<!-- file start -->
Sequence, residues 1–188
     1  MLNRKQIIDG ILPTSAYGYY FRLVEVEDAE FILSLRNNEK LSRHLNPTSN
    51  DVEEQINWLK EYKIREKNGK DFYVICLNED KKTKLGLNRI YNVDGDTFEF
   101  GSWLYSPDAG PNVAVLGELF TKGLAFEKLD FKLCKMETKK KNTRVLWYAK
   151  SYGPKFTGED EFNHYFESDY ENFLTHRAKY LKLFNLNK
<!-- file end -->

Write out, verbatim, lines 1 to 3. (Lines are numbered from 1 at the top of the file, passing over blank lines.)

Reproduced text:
Sequence, residues 1–188
     1  MLNRKQIIDG ILPTSAYGYY FRLVEVEDAE FILSLRNNEK LSRHLNPTSN
    51  DVEEQINWLK EYKIREKNGK DFYVICLNED KKTKLGLNRI YNVDGDTFEF